One year ago, Hamas terrorists launched a war against Israel that lasted 50 days. When the dust settled, both sides were forced to accept a return to the status quo that had prevailed before the fighting began. But as both sides to the conflict continue to prepare for what seems to be an inevitable next round, Israeli leaders must consider whether the change in tactics by Hamas last time requires them to adjust their own strategy. If, as Mitch Ginsburg writes in the Times of Israel, Hamas’s approach is no longer purely defensive but rather predicated on a belief that carrying the fight into Israel will bring them victory, that may lead Jerusalem to start thinking the heretofore unthinkable about a Gaza war plan that could hinge on decapitating the Hamas leadership and/or ending its rule.
Last year’s war was a summer-long nightmare for Israelis who spent much of it scurrying into shelters during air raids. But after thousands of Hamas rocket attacks on Israeli cities and the use of terror tunnels not much had changed other than the loss of more than 2,000 Palestinians (including several hundred civilians) dead and the fact that much of the strip was left in ruins. Hamas paid no political price for its cynical decision to go to war or its continued use of civilians as human shields. To the contrary, Israel was battered by unfair criticisms of its tactics, including some from an Obama administration that failed to listen to the statement from the Chairman of the Joint Chiefs of Staff that said its actions were a model for U.S. forces.
Hamas has signaled at times during the past months that it would like to extend the cease-fire with Israel that went back into effect after the shooting stopped. But a combination of factors may lead it to change course and launch another terror offensive. The increased pressure on its rule from Egypt that rightly sees it as an ally of Muslim Brotherhood terrorists that seek to overthrow the Sisi government and the revived support from Iran could lead the Hamas leadership to think that another war would further undermine support for the Fatah rivals that rule the West Bank. They also may think the hostile attitude of the Obama administration toward the Netanyahu government is a green light to action that might further divide the two allies.
If so, the Israel Defense Forces is prepared. As Ginsburg writes, the IDF is seeking to learn the lessons of the last war and is working hard to be ready to counter terror tunnels into Israel as well as what appeared to be a shift in Hamas tactics that prioritized offensive actions aimed at taking the fight into the Jewish state rather than sitting back and waiting for their foes to exhaust themselves in Gaza.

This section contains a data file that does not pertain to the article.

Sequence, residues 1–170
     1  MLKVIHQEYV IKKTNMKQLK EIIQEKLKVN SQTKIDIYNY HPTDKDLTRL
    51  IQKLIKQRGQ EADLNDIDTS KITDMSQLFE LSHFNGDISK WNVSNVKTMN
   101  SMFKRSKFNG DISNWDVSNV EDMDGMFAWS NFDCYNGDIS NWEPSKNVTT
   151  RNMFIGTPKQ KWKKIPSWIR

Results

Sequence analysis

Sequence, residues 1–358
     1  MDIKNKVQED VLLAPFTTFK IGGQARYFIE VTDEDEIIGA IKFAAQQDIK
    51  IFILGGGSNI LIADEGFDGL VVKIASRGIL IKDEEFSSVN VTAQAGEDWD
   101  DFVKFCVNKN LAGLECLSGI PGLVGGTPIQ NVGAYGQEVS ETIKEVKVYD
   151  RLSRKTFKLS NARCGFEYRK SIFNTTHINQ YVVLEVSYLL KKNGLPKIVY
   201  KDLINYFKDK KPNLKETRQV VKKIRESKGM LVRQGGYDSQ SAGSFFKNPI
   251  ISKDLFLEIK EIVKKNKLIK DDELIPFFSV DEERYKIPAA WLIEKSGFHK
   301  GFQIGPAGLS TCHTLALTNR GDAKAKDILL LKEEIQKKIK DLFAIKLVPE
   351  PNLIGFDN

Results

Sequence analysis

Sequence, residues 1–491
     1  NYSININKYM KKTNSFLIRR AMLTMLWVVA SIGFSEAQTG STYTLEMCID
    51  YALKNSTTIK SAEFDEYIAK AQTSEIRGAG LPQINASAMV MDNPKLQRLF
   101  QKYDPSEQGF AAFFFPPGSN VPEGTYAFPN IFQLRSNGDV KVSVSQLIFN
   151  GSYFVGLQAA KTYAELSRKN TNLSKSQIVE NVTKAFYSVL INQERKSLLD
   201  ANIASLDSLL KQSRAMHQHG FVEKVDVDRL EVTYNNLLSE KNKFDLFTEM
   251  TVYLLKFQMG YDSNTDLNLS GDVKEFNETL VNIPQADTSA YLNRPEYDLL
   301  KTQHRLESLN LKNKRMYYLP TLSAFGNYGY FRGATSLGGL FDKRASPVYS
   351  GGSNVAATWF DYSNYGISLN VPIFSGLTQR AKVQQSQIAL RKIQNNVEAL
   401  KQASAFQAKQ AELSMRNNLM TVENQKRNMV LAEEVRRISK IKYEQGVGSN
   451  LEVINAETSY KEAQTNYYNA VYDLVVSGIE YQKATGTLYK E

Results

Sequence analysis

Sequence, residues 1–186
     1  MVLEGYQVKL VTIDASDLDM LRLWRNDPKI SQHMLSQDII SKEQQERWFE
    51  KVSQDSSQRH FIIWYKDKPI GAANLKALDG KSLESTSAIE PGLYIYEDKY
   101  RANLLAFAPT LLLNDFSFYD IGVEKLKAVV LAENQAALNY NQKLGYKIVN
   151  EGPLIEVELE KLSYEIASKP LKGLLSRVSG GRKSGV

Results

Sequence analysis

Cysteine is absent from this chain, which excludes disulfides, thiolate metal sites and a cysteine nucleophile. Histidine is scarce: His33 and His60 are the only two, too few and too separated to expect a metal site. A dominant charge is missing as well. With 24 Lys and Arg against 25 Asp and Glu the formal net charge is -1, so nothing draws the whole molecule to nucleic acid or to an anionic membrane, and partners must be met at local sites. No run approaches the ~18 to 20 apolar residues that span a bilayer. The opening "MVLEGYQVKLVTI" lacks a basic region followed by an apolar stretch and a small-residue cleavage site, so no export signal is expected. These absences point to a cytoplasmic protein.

But there may be more to their calculations than new tactics designed to thwart tunnels, more special forces operations or the latest technology to knock down rockets intended to kill random civilians. Part of Israel’s deterrence is the way the Israeli population united in the face of the assault from Hamas and carried on with normal life despite weeks of rocket attacks. So, too, is the Jewish state’s willingness to keep fighting what may be a generations-long war against Islamist terror that can yield no clear outcome. But the debate about the endgame with Gaza that was resolved in favor of avoiding a counter-offensive that would have ended Hamas rule may be decided differently this time.
Given Prime Minister Netanyahu’s innate caution when it comes to the use of force as well as the high casualties that would be inevitable should Israel seek to take out Hamas that seems unlikely. But if Gaza forces Israel’s hand again, the only answer may be, as Ginsburg quotes some military analysts saying, an effort to insert IDF troops deep inside Gaza at the start of the next war rather than the long wait the preceded the limited ground offensive last year.
More to the point, the presence of ISIS in Gaza and the very real possibility that Hamas is cooperating with them against Egypt in the Sinai may create an opportunity for the two countries to cooperate in an effort to end a threat to both of them of a deadly threat. Hamas must take into consideration the chance that the next war won’t be a limited one in which it can rely on international pressure and fear of casualties to force Israel to accept its continued control of Gaza. But the only way to stop what many see as an inevitable rematch in Gaza will be to convince Hamas that the next war will be its last. That may be a course of action that the Obama administration will oppose as it seeks to revive a peace process that has no chance of succeeding after the Iran nuclear deal has been signed and ratified by Congress. But it is exactly what U.S. Middle East policy ought to be if it was being conducted in a manner that prioritized peace rather than the president’s fantasies about bringing peace to the world.